Friday, June 8, 2012

Final Draft. It is a relief to have this finished.

Hickey 1
Alan Hickey

Dr. Burton

English 295

8 June 2012

Thoughts on Control: Hegemony and Choice in the Digital Age

After clicking on a blue lollipop on my Facebook page, a video began to play showing an eerie corridor in what seemed to be a dilapidated psychiatric ward. The camera moved down the hallway and turned into one of the rooms. In the room sat a man with a grubby, white tank top and greasy hair. He was sitting in front of a computer searching some website. As the camera moved closer to the man, I was shocked to see pictures and information from my Facebook page on the screen of his computer. He searched through my pictures and I cringed as his dirty hands stroked the mouse as a sign of crazed pleasure. After searching my photos, he input my information into a search engine and brought up directions to my home. The man then slowly turned his head from the screen and looked directly at me with crazed eyes and a wicked smirk. From outside, I heard a car door slam, and I jumped with terror thinking that I was about to die (Jameson).      
Although this video’s purpose was directed to educate people about the physical dangers of putting too much information on the Internet, it raises many questions about how personal information can be used that is on the Web. Companies like Google and Facebook are able to amass hundreds of pages of personal information on users, from which items people are searching for, to even addresses and private conversations (Humphries). This control over personal information has given many technology companies the clich├ęd title of “Big Brother,” coined from George Orwell’s novel, 1984, where Big Brother is the political figurehead of a totalitarian government that controls almost every aspect of peoples’ lives. A great concern echoing throughout today’s digital world is over the access allowed to personal information and how this information is used.
The issue of the control of information makes people wonder how much influence technology companies have on individuals. A question that persists is: Are these companies “Big Brothers” that seek to control consumers’ lives?  The argument of this paper is: not really.  Although many believe that the world of digital media is being controlled by contrived ideological hegemonic systems created by technology companies, such as Google, Facebook, and Apple, this control is mostly imagined because consumers of digital media are able to control the actions of companies through acts of creation and the use of purchasing power. These acts inspire competition and disavow companies of dominance and control.  

First, in order to understand how technology companies use types of hegemony to try and control consumers, it is important to understand the basics of hegemony. While in prison for 11 years, Antonio Gramsci, a member of the Italian Communist party and an intellectual, wrote volumes of criticism against the fascist regime of Mussolini through the guise of literary and cultural criticism (Burke). Gramsci’s criticism presented in his Prison Notebooks contains theories of hegemony describing how hegemonies can be enforced through two distinct ways: coercive means, usually by the “political society,” or “spontaneous” consent given by the masses in reaction to the ideology of the “dominant fundamental group” (Gramsci 145). Gramsci prefaces his description of these two forms of hegemony by putting it in the context of how intellectuals are bred and developed through educational systems. According to Gramsci, a person’s intellect is determined by how well they are educated and influenced by a school (143). Accordingly, the success of a hegemonic system is based on how well an ideology is promulgated and followed by the masses.  
Although technology companies are not all powerful entities like the totalitarian regime of the Party in 1984, they exhibit aspects of the second form of hegemonic control, or ideological hegemony, as they seek to advance the holdings of their individual companies. In the novel, Orwell plays with different theories of how totalitarian regimes control their subjects: through mass presence, control of the media, social interaction, and compliant dependency. These ideas apply to any type of ideological or coercive hegemony and are applicable to today’s digital world. Massive companies like Google, Facebook, and Apple are accused to use similar means of control, as described in Orwell's book, to influence a society of consumers to place trust in their products.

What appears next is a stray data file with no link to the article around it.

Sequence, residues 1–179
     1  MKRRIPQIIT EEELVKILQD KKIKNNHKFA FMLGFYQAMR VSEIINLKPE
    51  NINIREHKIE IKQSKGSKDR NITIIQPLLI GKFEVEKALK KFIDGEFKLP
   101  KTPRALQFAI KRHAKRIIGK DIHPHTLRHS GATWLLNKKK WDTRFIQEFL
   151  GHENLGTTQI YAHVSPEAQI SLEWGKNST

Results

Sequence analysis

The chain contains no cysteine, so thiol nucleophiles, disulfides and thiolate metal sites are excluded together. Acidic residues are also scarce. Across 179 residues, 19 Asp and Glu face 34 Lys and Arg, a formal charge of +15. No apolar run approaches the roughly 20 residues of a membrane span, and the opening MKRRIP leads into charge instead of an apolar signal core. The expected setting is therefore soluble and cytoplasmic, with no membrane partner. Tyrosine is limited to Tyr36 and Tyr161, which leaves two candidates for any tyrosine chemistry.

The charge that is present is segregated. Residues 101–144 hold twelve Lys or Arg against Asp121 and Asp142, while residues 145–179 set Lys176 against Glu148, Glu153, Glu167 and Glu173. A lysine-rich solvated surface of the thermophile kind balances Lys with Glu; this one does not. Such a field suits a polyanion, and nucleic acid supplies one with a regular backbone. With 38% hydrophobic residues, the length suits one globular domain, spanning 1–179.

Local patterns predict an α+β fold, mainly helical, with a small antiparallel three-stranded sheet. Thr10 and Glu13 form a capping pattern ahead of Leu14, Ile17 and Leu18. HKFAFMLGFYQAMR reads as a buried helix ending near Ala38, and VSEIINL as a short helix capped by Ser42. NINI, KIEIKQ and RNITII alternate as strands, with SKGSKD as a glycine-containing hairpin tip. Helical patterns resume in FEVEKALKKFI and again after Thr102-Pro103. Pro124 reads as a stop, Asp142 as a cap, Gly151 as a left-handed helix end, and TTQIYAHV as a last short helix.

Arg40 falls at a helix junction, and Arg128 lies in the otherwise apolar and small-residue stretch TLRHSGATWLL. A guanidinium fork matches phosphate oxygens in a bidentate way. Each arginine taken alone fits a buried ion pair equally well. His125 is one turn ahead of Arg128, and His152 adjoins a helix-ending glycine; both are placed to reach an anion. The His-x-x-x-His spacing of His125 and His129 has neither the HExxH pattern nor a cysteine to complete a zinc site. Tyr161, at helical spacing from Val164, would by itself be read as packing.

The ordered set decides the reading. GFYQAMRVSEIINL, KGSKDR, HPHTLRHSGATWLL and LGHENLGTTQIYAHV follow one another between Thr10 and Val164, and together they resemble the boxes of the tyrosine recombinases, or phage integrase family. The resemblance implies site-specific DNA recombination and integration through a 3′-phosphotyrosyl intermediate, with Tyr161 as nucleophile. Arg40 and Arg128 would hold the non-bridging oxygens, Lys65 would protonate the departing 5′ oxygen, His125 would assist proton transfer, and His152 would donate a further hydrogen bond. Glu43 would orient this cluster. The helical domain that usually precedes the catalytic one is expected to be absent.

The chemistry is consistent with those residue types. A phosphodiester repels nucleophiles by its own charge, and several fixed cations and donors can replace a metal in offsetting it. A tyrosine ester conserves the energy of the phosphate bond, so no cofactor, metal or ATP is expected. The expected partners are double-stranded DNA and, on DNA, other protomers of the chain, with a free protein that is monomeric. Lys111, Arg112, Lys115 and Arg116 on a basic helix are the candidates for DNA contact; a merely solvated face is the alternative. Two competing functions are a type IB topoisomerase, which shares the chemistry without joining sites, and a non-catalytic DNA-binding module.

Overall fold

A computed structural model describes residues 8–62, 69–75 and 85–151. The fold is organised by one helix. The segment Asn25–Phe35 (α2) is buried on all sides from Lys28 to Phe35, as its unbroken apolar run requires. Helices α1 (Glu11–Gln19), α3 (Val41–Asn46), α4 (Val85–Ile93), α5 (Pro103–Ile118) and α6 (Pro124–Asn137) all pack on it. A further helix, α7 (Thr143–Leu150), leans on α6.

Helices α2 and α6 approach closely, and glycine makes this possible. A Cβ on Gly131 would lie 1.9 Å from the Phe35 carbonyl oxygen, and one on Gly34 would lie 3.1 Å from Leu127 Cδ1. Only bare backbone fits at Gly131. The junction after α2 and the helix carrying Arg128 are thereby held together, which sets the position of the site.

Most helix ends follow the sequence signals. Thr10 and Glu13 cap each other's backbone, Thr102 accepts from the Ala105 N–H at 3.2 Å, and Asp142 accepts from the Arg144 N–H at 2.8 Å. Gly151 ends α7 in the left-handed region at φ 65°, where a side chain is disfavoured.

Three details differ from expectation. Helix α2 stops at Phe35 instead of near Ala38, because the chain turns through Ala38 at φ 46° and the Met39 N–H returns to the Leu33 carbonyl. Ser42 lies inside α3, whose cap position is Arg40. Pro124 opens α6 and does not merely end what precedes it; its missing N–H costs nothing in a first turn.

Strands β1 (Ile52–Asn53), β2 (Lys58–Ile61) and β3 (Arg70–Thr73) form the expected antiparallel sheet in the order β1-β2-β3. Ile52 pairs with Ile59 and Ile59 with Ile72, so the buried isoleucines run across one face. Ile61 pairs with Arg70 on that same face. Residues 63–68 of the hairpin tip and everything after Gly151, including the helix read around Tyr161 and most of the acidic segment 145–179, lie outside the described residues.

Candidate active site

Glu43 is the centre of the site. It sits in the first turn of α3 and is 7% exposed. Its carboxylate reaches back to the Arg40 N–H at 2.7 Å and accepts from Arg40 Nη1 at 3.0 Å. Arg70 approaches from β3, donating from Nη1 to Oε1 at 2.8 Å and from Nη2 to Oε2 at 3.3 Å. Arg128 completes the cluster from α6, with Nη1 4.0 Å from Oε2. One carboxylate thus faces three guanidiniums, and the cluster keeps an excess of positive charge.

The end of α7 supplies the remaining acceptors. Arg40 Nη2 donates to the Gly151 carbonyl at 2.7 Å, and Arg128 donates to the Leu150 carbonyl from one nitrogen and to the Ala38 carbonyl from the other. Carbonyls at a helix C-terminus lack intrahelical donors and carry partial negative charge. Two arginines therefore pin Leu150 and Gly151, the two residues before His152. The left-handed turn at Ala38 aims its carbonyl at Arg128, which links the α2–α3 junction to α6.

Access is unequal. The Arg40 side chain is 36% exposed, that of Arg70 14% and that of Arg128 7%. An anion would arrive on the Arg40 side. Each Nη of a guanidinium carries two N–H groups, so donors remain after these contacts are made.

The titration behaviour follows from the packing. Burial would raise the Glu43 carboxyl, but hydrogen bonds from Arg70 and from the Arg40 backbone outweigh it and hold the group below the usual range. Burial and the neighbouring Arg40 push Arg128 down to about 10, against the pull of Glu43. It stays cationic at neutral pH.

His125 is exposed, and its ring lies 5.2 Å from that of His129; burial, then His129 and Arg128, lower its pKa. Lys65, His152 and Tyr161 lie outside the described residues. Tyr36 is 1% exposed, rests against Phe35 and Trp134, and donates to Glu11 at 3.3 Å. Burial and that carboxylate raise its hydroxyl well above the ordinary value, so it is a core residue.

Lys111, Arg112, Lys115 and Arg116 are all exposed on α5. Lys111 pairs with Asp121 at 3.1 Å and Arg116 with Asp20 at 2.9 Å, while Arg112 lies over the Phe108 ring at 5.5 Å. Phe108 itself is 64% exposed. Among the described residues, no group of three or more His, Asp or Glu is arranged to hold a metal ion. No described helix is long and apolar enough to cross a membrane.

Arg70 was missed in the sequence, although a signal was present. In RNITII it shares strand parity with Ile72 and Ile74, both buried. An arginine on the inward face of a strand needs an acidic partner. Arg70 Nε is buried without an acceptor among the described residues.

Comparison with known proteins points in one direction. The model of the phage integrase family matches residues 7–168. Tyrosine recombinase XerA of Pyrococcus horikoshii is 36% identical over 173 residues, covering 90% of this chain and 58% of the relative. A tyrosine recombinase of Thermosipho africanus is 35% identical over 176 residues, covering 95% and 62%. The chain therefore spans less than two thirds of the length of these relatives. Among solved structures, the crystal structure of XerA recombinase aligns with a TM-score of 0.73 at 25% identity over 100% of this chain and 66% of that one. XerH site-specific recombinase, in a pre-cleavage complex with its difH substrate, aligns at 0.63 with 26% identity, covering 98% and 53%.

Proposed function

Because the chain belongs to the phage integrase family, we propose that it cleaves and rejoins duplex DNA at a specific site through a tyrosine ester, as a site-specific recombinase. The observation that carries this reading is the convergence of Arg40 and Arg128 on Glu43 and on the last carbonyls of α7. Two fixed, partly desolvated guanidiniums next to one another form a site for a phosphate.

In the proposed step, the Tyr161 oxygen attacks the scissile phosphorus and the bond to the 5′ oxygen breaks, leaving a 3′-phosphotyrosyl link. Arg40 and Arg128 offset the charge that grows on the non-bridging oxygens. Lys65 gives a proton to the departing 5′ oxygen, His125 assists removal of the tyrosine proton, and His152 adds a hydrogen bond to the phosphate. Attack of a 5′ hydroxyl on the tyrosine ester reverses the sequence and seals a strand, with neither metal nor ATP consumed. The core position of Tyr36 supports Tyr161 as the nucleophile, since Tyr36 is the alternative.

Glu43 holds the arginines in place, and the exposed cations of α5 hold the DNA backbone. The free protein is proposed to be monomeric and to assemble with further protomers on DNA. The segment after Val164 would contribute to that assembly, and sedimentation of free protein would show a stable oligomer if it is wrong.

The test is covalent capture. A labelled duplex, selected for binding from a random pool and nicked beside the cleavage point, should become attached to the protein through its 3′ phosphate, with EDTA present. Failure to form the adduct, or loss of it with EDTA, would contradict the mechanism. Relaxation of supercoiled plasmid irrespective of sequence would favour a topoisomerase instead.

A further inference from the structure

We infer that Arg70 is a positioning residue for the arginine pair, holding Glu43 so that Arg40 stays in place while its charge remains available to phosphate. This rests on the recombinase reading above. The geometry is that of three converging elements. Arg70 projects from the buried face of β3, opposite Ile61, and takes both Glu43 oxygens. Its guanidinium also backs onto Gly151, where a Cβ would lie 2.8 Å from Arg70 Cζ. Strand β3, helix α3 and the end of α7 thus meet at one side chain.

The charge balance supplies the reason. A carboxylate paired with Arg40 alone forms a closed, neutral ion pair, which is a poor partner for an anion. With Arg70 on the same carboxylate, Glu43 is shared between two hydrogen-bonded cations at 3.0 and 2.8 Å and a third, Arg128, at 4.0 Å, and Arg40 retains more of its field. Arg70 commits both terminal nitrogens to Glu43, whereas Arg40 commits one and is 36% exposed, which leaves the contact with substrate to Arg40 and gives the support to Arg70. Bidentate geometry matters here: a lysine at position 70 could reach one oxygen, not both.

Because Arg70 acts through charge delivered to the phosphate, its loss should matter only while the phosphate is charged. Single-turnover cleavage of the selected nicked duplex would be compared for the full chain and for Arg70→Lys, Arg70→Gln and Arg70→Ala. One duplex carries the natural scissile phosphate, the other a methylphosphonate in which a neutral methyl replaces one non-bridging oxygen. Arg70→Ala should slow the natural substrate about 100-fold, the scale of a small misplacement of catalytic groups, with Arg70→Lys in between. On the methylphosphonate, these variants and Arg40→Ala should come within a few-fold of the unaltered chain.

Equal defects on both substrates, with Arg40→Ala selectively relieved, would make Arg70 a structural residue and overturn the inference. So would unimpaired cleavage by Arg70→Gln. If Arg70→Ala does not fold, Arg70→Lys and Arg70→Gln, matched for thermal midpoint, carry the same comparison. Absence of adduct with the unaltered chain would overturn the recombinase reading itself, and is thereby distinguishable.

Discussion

In 1984, one method used by the Party’s hegemonic system to keep party members in line is through the use of mass presence. In the book, every Party member’s home has a piece of technology known as a telescreen. These screens provide a way for Party members to constantly be fed propaganda by the Party and also constantly be observed. This constant observation keeps the subjugated citizens of Orwell’s world mostly in submission to the decrees of the government.
Winston Smith, the protagonist, only finds ways to rise against the hegemonic system by being able to get away from the all-seeing eye of Big Brother. He does this by finding places that are out of sight of the telescreen, such as the small alcove in his room where he writes in his journal (Orwell 9) or the room he rents above Mr. Charrington’s shop in run-down London where he rendezvous with Julia for their sexual escapades (113-116).
This idea of control by constant observation, or presence, translates to the digital world and the means by which technology companies seek to control consumers. For example, Google, by amassing rights to be the default search engine on many Internet browsers, has been able to create a vast presence on the Web that has even led to the addition of "google" as a verb in the dictionary (“Google”). Tim Wu, in a lecture about his book, The Master Switch, explained that the reason people use Google so much is because of this presence. Google being accessible almost everywhere makes it convenient to use and logically people would ask themselves, “Why not use Google” (Wu). Though this convenience makes it seem that Google is monopolizing the market as an Internet browser, their overwhelming presence does not mean they directly control which mode of consumption consumers use. The existence of competition between other search engines such as Yahoo and MSN with Google adds evidence that convenience does not equate to control (Baker). Google may remain as one of the top grossing Internet companies, but that does not show it controls individual’s ability to branch out from Google because there are no restrictions to the contrary.